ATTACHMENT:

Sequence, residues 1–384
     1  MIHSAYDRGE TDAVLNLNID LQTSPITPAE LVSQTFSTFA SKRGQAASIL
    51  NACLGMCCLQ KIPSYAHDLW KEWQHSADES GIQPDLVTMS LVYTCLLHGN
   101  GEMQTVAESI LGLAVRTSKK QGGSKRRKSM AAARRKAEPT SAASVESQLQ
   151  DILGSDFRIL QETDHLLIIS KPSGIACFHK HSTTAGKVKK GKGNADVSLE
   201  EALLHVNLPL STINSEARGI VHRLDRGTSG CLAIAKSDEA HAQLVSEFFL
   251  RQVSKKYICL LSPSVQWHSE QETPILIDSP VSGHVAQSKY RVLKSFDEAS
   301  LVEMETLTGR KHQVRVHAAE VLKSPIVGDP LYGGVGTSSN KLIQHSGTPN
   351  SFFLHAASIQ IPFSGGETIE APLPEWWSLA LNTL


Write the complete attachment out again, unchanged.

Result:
Sequence, residues 1–384
     1  MIHSAYDRGE TDAVLNLNID LQTSPITPAE LVSQTFSTFA SKRGQAASIL
    51  NACLGMCCLQ KIPSYAHDLW KEWQHSADES GIQPDLVTMS LVYTCLLHGN
   101  GEMQTVAESI LGLAVRTSKK QGGSKRRKSM AAARRKAEPT SAASVESQLQ
   151  DILGSDFRIL QETDHLLIIS KPSGIACFHK HSTTAGKVKK GKGNADVSLE
   201  EALLHVNLPL STINSEARGI VHRLDRGTSG CLAIAKSDEA HAQLVSEFFL
   251  RQVSKKYICL LSPSVQWHSE QETPILIDSP VSGHVAQSKY RVLKSFDEAS
   301  LVEMETLTGR KHQVRVHAAE VLKSPIVGDP LYGGVGTSSN KLIQHSGTPN
   351  SFFLHAASIQ IPFSGGETIE APLPEWWSLA LNTL